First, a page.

Rock ’n’ roll lifestyle less glamour, more nitty-gritty

TRAVIS HULL
Staff Writer

Let’s be honest. Who doesn’t want to live like a rock star? The fame–the money–the endorsements–the lavish splendor–the opposite sex throwing themselves at you constantly (or same sex for the Ricky Martin or Lance Bass fans) appeals to just about every person chasing the American dream. In fact, living the life of a rock star may be the closest definition of the American dream in itself.

The Australian rock band AC/DC coined the phrase, “It’s a long way to the top if you want to rock ‘n’ roll,” and I am here to tell you, dear readers, that they couldn’t have said it any better. Trying to be in a successful rock band is absolutely romanticized by the media,  probably because if people knew the nitty-gritty details of what actually goes on behind stage, fans would flee as fast as possible.

I have been playing in bands since high school and have even gone on tour with one. To be able to entertain people with your music you must be very well rehearsed. This means spending countless hours in the practice room writing, recording and reviewing songs with the same dudes. I spend more time with these guys than my own girlfriend, but don’t tell her that.

Eventually, your creative juices produce enough material to play a live set. To do this, you have to have literally thousands of dollars invested in guitars, amplifiers, microphones, drums, transportation, a trailer and merchandise.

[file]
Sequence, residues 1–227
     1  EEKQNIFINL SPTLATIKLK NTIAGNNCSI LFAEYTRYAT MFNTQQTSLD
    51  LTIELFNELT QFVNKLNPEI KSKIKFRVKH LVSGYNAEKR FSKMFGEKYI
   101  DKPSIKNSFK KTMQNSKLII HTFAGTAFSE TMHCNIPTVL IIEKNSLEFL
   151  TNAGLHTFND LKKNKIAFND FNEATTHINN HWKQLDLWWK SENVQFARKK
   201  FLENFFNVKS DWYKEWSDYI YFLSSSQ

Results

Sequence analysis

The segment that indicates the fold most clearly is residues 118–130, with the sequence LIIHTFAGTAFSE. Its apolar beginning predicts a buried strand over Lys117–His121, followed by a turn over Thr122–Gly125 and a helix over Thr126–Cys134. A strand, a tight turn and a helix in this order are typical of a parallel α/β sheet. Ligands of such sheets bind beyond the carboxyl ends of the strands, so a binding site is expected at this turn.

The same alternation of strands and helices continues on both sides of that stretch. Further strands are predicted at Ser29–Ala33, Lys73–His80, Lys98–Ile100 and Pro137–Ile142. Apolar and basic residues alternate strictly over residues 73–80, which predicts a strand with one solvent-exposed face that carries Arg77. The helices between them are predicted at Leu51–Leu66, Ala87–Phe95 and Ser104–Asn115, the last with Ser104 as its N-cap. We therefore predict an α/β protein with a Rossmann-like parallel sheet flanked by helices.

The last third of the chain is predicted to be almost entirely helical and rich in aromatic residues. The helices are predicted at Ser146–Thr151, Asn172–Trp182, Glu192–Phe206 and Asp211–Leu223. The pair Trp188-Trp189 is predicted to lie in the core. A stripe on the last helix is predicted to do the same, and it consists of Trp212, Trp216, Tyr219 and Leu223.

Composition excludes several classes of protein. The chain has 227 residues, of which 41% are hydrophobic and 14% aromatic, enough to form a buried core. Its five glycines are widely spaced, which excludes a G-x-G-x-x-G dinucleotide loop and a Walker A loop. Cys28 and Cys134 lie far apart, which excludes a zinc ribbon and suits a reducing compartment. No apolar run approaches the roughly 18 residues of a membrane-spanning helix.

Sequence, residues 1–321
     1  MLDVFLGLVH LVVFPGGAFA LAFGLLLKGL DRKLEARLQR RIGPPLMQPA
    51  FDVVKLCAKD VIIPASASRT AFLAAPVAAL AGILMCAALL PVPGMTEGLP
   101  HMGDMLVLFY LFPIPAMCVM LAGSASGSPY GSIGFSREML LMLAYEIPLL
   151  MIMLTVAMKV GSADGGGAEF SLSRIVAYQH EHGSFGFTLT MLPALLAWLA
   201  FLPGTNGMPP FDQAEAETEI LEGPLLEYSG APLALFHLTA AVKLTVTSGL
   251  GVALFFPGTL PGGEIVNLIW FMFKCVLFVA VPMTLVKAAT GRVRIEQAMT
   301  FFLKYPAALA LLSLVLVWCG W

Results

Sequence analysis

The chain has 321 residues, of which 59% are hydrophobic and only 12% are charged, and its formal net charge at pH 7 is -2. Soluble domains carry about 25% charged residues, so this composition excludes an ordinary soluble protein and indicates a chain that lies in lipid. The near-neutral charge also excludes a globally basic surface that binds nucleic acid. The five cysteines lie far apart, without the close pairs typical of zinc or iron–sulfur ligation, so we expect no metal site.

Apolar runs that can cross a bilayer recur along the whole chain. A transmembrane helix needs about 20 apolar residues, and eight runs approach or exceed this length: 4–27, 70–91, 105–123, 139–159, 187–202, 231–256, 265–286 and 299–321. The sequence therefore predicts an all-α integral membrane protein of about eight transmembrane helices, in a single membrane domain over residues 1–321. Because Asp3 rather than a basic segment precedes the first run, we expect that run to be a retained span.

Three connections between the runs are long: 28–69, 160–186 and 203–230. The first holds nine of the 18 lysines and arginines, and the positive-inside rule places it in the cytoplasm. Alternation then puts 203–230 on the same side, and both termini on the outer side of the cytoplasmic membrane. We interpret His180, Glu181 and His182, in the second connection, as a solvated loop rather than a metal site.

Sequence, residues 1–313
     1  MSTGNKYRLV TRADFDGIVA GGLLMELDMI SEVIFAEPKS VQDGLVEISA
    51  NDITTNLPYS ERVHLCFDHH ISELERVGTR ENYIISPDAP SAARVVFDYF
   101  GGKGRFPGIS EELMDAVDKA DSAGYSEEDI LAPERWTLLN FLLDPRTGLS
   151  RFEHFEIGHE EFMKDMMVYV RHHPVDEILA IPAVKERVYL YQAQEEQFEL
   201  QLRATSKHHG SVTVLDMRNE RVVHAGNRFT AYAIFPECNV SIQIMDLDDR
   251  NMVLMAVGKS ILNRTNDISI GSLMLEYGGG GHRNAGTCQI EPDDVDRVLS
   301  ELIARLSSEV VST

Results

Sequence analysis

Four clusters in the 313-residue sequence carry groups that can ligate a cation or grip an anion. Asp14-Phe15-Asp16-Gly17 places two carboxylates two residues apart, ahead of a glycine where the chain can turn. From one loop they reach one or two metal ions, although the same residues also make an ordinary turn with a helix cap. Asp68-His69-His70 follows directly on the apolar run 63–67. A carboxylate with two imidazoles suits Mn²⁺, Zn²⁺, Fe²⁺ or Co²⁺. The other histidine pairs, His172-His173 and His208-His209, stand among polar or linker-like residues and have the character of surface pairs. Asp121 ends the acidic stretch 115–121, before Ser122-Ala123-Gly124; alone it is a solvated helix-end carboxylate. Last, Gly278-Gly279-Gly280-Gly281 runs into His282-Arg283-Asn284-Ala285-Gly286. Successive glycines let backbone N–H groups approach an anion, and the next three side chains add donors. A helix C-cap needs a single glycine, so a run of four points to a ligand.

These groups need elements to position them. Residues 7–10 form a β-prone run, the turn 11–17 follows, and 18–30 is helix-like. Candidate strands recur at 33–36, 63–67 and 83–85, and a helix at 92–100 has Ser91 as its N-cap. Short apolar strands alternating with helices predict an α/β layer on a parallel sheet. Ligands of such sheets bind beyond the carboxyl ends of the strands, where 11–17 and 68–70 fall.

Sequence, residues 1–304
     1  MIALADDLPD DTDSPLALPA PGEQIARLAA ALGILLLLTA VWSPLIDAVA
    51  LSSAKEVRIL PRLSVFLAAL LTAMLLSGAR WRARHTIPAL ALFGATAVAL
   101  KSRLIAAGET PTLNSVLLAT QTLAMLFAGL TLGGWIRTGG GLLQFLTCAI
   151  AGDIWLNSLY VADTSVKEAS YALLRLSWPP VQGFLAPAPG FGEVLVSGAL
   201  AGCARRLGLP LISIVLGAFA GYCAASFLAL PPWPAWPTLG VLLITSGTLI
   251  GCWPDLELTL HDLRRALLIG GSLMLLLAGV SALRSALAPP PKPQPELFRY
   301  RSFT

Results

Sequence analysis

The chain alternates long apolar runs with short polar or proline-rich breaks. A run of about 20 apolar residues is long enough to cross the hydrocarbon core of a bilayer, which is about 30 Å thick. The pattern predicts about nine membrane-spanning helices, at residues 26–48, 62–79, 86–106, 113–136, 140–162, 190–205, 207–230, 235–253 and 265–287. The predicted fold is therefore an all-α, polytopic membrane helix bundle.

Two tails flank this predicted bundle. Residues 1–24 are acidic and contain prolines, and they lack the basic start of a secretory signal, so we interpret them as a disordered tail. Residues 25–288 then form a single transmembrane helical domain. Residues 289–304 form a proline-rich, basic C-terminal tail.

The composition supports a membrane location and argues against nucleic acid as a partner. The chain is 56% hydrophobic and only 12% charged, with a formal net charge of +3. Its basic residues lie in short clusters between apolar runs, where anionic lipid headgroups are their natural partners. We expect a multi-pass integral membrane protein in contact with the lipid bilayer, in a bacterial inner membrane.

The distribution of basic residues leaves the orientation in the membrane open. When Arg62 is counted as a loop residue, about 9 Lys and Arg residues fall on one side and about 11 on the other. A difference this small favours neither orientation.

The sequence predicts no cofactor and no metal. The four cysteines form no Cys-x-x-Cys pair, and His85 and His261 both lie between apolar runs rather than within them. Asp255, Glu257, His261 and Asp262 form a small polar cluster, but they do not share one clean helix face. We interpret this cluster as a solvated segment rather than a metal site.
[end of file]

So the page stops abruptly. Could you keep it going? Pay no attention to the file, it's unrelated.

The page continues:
Don’t stop there, though! Not looking like a complete dork on stage is ridiculously important, and that takes hours of practice on its own. With that said, not looking like a complete dork OFF stage is equally critical, if not more so.

In the band life if you are not on stage, you are networking at the venue. Most bands have to load in equipment at the bar they are playing at many hours before they actually play, so there is plenty of time to talk to other bands, club owners, musicians or fans. In reality, that is all there is to do.

I toured with a country band once. It was our job to do this every night. We would play for two to three hours at a bar, find food wherever it was available, which would usually end up being fast food (fat food), load/unload gear and merchandise then sleep in the van on the way to the next gig while taking turns driving.

We would be lucky to find a shower if we didn’t make enough money to rent a hotel room. It is truly a nomadic way of life, and if your soul enjoys the comfort of home, this is not the life for you.

However, if this is your cup of tea, it can be the most rewarding and liberating experiences that can’t be found anywhere on earth.

Even though I may as well be dating three other men and have gone days without bathing just to play some dumb songs in other parts of the country, I wouldn’t trade it for the world. Being able to express myself through rock music is where my soul harmonizes with the rest of the universe.

It is more than my calling; it is simply me.

Travis Hull is a sophomore general studies major from Henderson.

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